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An Educational Intervention to Promote Access to Rehabilitation for People Living with HIV

Authors:

Patricia Solomon ,

School of Rehabilitation Science, McMaster University, 1400 Main St. W, IAHS – 403, Hamilton, ON L8S 1C7, CA
About Patricia

Patricia Solomon is a Professor at the School of Rehabilitation Science at McMaster University. Her research interests focus on knowledge translation interventions and episodic disability in people living with HIV.

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Nancy M Salbach,

Department of Physical Therapy, University of Toronto, CA
About Nancy M

Nancy Salbach is an implementation scientist in rehabilitation. She is an Associate Professor and a Heart & Stroke Mid-career Investigator in the Department of Physical Therapy at the University of Toronto. She holds an MSc degree in rehabilitation science and a PhD degree in epidemiology and biostatistics. Her research interests include development and implementation of resources and community exercise programs to improve balance and mobility among older adults with stroke and other chronic health conditions.

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Kelly K O’Brien,

Department of Physical Therapy, University of Toronto, CA
About Kelly K

Kelly K O'Brien is an Associate Professor at the Department of Physical Therapy at University of Toronto. She holds a Canada Research Chair in Episodic Disability and Rehabilitation. Her research interests include measurement of episodic disability and examining the effectiveness of rehabilitation interventions for adults aging with HIV.

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Stephanie Nixon,

Department of Physical Therapy, University of Toronto, CA
About Stephanie

Stephanie Nixon, PT, PhD, is an Associate Professor in the Department of Physical Therapy, cross-appointed at the Rehabilitation Sciences Institute and the Dalla Lana School of Public Health at the University of Toronto. She has been an HIV activist and global health researcher for 20 years. Stephanie is co-founder and Director of the International Centre for Disability and Rehabilitation. Her research explores how systems of oppression shape health research, education and practice, and the role of people in positions of unearned advantage in disrupting these harmful patterns.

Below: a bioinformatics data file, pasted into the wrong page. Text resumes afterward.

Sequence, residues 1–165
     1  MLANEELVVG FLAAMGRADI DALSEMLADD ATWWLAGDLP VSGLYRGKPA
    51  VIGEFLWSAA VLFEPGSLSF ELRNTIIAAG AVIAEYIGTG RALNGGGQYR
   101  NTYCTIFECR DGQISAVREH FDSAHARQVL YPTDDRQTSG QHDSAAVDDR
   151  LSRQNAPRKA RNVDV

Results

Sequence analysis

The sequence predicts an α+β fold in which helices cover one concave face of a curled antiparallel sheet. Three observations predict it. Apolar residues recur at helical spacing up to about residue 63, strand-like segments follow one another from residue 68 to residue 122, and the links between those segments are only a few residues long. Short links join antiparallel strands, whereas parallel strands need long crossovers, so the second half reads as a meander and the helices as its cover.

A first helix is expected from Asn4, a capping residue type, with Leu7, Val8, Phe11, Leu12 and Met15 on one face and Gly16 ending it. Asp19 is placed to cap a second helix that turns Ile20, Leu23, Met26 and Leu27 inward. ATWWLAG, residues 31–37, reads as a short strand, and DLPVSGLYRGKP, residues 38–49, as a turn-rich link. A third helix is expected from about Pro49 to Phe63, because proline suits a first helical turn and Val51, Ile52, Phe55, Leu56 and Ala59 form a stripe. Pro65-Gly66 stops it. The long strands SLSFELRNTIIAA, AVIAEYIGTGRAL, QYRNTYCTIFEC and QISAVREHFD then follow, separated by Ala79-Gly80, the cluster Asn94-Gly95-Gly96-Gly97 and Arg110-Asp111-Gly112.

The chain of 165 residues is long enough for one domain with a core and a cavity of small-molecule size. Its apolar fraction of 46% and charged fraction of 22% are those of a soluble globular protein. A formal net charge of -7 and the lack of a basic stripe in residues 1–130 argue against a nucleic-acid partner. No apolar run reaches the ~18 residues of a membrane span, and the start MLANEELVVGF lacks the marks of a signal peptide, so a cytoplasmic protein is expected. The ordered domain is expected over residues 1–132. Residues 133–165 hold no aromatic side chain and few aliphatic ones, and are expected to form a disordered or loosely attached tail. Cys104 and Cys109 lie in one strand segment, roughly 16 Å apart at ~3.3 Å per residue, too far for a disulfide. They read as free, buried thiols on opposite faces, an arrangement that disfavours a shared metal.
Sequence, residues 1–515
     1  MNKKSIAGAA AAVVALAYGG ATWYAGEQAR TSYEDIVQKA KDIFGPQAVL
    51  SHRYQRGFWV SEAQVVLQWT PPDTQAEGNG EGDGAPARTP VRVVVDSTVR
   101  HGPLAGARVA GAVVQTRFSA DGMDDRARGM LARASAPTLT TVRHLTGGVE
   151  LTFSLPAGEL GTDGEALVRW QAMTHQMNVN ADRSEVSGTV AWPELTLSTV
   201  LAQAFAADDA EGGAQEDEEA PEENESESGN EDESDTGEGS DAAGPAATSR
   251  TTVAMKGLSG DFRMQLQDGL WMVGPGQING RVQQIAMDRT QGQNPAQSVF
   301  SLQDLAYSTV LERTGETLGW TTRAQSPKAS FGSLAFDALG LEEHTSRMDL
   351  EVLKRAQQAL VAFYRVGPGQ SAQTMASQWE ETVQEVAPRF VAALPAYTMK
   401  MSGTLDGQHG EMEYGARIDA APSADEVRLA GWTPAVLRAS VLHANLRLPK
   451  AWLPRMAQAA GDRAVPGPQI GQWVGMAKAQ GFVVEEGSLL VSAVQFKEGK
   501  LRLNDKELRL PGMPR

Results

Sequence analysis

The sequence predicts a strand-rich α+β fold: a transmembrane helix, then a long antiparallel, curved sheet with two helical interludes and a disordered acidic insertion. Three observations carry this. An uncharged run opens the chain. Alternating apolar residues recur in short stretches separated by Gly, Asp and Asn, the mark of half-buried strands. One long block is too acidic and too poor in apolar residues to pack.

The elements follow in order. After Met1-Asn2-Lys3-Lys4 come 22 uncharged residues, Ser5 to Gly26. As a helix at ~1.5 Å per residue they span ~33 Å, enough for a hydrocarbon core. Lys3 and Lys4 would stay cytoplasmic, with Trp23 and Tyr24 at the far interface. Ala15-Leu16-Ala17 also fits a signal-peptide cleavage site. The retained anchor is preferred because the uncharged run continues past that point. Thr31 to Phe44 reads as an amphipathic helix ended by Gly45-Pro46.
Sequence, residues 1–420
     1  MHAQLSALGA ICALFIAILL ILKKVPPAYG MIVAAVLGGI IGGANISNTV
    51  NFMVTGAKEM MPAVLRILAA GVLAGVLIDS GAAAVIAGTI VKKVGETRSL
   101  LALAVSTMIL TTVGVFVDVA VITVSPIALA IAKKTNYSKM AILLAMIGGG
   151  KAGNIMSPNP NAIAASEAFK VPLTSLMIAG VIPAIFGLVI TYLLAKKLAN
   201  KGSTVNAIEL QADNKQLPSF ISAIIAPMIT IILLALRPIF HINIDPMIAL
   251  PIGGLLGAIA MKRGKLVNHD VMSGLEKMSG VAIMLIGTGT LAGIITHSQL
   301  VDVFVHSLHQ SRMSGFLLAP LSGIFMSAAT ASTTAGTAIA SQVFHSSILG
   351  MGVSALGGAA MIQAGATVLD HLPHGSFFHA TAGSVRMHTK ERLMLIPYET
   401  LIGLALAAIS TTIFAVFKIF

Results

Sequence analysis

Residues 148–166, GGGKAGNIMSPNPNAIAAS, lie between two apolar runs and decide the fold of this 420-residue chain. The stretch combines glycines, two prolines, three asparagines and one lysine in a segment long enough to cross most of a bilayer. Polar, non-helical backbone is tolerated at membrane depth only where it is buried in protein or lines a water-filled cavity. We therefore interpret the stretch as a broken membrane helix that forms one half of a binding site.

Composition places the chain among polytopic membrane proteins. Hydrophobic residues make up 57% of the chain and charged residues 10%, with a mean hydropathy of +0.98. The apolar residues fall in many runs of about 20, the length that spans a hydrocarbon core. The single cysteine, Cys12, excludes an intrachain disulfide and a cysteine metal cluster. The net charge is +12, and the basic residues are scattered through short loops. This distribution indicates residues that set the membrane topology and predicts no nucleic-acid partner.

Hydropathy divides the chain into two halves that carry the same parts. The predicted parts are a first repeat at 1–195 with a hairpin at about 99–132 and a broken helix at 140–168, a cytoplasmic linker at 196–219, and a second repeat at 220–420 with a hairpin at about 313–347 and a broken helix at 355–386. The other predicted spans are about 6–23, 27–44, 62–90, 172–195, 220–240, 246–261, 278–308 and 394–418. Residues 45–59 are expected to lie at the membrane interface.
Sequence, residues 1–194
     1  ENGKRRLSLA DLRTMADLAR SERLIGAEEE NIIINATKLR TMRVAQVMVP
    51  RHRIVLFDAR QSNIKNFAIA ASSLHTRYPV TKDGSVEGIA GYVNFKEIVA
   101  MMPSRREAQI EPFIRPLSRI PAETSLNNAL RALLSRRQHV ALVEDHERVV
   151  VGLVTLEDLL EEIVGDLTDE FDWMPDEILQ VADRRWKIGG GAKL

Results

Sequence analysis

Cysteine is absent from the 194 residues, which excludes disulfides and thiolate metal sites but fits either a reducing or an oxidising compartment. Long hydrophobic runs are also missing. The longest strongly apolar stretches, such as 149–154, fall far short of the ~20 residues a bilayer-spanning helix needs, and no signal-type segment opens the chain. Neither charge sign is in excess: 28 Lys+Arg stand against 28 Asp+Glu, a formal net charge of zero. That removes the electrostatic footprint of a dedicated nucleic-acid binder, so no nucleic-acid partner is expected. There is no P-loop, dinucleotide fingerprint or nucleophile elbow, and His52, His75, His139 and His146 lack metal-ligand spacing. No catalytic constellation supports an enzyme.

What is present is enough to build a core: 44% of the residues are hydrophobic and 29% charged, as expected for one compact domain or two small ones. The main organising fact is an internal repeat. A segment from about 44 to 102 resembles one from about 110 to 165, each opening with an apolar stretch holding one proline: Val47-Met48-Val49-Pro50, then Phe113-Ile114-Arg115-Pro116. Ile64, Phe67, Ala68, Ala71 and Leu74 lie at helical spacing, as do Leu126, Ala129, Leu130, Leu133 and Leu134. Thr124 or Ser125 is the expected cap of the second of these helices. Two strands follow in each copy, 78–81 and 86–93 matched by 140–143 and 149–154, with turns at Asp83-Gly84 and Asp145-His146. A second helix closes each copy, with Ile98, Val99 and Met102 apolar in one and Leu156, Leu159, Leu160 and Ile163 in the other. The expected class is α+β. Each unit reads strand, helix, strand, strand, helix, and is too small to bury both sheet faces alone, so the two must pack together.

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Larry Baxter,

Community HIV Volunteer, CA
About Larry

Larry is a person living with HIV, now retired from the nonprofit and homecare sector. From Halifax, he continues as a patient partner on various national or Ontario based HIV and rehabilitation research projects as well as primary health care and multi morbidity research in Atlantic Canada.

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Nicole Gervais

School of Rehabilitation Science, McMaster University, CA
About Nicole

At the time of this study, Nicole Gervais was a Research Coordinator, School of Rehabilitation Science, McMaster University.

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Abstract

This paper describes the design and novel features of an evidence- and theory-informed client activation intervention to increase the capacity of people living with HIV to: 1) self-manage their health-related challenges using rehabilitation strategies, and 2) communicate their rehabilitation needs to their healthcare providers to improve access to rehabilitation.

Building on social-cognitive theory and evidence, the intervention is a community-based workshop to develop knowledge and skills of people living with HIV to advocate for rehabilitation services. Novel features include engagement of community-based organisations in a train-the-trainer delivery model, a problem-based learning design to promote problem-solving and application, and a focus on client-centred practice.

The intervention is flexible and adaptable. Health providers in other countries and contexts could use the pedagogical features to develop a workshop to meet their local needs.  Given that most knowledge transfer interventions aim to change health provider behaviour, the focus on teaching people living with HIV to advocate for referral to rehabilitation is unique. The workshop model may be of interest to those in communities where access to rehabilitation for people living with HIV can be limited due to a lack of knowledge of the potential role of rehabilitation.
How to Cite: Solomon, P., Salbach, N.M., O’Brien, K.K., Nixon, S., Baxter, L. and Gervais, N., 2020. An Educational Intervention to Promote Access to Rehabilitation for People Living with HIV. Disability, CBR & Inclusive Development, 30(4), pp.127–138. DOI: http://doi.org/10.5463/dcid.v30i4.854
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Published on 15 May 2020.
Peer Reviewed

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